This morning I arrived at school early planning to take two children to the local clinic as both had mild fevers yesterday afternoon. Neither child was on time for school, but Bimba, the boy with the gash in his big toe, arrived in time to have me change his dressing before main lesson started. Abdullai, who always seems to have big sores on both of his shins from tripping while he is running, popped over to the mango tree, the site of most of my first-aid efforts, to see if I could give him new plasters for the three sores he had acquired yesterday. This was the same Abdullai who had taken me racing through Goderich village last week in search of keys and sick children. While I was changing his plasters he told me that he and Amadu (the one who was panting at the end of last week's adventure) wanted to take me on another tour of the village whenever they got some money. I thought this was quite funny and couldn't make out what the money was for, but Abdullai was serious, so I promised to find a day to go on a tour. The two children who had been sick yesterday appeared looking better, so I held off on taking them until tomorrow.
After classes had started, Mohamed, the three-year-old grandson of Fatu, one of the cooks, came over to tell me, "Ah have sore fut." Yesterday I had managed to convince him that my cleaning the small wound and putting a plaster over it wouldn't hurt, so I already knew his shin (what he called his fut) had a sore. I asked him if he wanted another plaster. He nodded yes, sat down and stuck out his leg. One plaster was not enough for him because his leg still hurt after I had applied it, so he received another plaster next to the first one. He spent the rest of the morning looking down at his leg. I suspect Mohamed will have lots more sore futs in the near future.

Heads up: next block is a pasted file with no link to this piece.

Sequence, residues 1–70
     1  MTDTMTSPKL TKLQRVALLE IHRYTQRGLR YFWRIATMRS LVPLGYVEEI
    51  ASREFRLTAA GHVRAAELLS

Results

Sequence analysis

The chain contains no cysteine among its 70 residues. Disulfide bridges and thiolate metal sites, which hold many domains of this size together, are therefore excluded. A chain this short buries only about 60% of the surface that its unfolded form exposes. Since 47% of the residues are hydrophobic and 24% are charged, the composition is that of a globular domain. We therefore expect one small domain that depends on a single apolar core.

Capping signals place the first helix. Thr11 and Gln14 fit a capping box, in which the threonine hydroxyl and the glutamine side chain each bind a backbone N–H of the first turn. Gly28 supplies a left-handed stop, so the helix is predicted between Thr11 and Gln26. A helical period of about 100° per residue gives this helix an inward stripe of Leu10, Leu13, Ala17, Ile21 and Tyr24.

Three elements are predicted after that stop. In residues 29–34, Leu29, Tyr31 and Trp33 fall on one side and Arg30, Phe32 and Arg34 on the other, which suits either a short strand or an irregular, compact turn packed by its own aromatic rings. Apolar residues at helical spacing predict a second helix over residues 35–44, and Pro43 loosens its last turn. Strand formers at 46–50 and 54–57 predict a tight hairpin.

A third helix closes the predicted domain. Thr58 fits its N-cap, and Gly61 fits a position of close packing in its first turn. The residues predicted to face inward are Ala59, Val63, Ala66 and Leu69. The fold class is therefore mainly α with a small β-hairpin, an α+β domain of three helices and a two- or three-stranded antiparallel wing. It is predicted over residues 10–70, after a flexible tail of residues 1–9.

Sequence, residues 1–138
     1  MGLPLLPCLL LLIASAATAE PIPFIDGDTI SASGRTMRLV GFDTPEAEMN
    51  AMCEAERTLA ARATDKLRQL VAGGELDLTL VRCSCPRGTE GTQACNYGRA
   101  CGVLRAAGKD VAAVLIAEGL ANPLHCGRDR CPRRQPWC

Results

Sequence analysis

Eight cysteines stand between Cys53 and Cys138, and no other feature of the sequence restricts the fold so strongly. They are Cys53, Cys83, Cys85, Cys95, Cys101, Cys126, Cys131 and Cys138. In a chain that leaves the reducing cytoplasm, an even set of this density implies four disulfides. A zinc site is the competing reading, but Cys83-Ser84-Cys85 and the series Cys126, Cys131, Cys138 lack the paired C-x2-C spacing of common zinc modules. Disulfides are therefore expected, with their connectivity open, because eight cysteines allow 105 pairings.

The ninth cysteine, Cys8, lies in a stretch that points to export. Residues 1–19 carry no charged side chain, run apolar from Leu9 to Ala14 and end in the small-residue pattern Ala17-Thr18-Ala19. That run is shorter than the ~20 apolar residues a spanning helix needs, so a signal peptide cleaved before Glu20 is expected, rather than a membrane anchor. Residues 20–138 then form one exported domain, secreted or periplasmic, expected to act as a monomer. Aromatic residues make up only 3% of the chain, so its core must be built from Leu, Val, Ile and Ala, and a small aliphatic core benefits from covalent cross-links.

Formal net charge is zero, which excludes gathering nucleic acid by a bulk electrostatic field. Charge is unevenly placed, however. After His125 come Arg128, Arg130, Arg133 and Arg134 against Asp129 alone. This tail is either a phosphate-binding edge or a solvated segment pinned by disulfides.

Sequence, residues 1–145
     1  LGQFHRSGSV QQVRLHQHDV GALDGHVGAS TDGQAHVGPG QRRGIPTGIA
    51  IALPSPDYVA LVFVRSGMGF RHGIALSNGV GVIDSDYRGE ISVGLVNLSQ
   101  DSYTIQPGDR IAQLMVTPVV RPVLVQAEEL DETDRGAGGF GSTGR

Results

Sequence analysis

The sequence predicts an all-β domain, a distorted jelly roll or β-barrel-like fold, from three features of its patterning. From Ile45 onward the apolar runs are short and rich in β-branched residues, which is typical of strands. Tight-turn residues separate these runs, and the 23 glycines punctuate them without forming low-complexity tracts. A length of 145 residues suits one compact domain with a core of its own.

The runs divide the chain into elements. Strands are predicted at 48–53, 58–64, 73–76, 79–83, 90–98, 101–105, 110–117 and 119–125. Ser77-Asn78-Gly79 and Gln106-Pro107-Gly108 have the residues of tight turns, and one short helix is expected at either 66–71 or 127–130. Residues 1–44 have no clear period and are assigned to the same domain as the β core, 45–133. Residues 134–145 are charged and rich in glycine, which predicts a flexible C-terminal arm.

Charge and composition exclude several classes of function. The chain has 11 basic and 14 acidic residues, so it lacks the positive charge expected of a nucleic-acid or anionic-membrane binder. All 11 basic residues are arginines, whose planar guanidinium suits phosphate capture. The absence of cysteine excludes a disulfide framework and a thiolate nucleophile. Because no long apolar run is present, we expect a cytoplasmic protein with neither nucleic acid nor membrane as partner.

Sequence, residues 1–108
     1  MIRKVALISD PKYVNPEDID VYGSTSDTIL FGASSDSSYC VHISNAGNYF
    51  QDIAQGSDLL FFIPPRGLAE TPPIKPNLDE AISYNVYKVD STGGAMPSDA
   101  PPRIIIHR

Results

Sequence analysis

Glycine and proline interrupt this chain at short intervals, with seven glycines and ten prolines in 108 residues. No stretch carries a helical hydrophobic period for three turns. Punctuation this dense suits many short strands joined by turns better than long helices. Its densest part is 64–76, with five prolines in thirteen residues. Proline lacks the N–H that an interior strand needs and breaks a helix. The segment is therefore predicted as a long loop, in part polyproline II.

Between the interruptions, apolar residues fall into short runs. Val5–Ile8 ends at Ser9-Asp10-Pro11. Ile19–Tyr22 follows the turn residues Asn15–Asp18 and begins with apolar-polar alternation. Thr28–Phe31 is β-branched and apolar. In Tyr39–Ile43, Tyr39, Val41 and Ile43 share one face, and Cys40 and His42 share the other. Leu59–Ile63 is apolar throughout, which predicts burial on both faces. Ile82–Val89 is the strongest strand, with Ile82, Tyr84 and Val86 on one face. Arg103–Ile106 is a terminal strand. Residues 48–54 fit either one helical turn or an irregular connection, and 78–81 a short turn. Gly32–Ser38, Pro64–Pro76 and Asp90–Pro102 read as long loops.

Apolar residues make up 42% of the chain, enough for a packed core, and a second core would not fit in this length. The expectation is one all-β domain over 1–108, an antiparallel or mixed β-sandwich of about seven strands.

About half-way through main lesson, a girl from Class 1 came over to tell me, "Auntie's calling you." I knew this meant a child in the class was sick. One of the girls, Hawa, had a temperature of 104, and no one was at home, so I picked her up and carried her piggy-back to the clinic. She was nearly faint, though she gripped me quite firmly for the entire 20-minute walk - something local children seem to learn very early since that is how their mothers carry them almost from birth,though infants are usually tied on with a large cloth. When we arrived, I had to ask special permission to have her registered since the clinic generally accepts patients until about 8:30 only and it was nearly 10. When the nurse felt her neck, she agreed, quickly took her temperature and gave her a fever-reducer. I spent the next few hours waiting for blood test results and medicine and cooling down Hawa with a wet handkerchief. By 11:30 she was sitting up and asking to eat something, so I bought her two packets of cookies, one of which she promptly finished off. By the time we picked up her medicine - she was diagnosed with malaria - her fever was down and she was able to walk home, for which I was grateful since it was the hottest time of the day. I bought her some oranges on the trip home and just afterwards, one of the local poda-poda drivers pulled up beside me and offered to take us the rest of the way. Hawa and I climbed into the front seat, and Hawa seemed positively happy about her long day at the clinic, despite the malaria.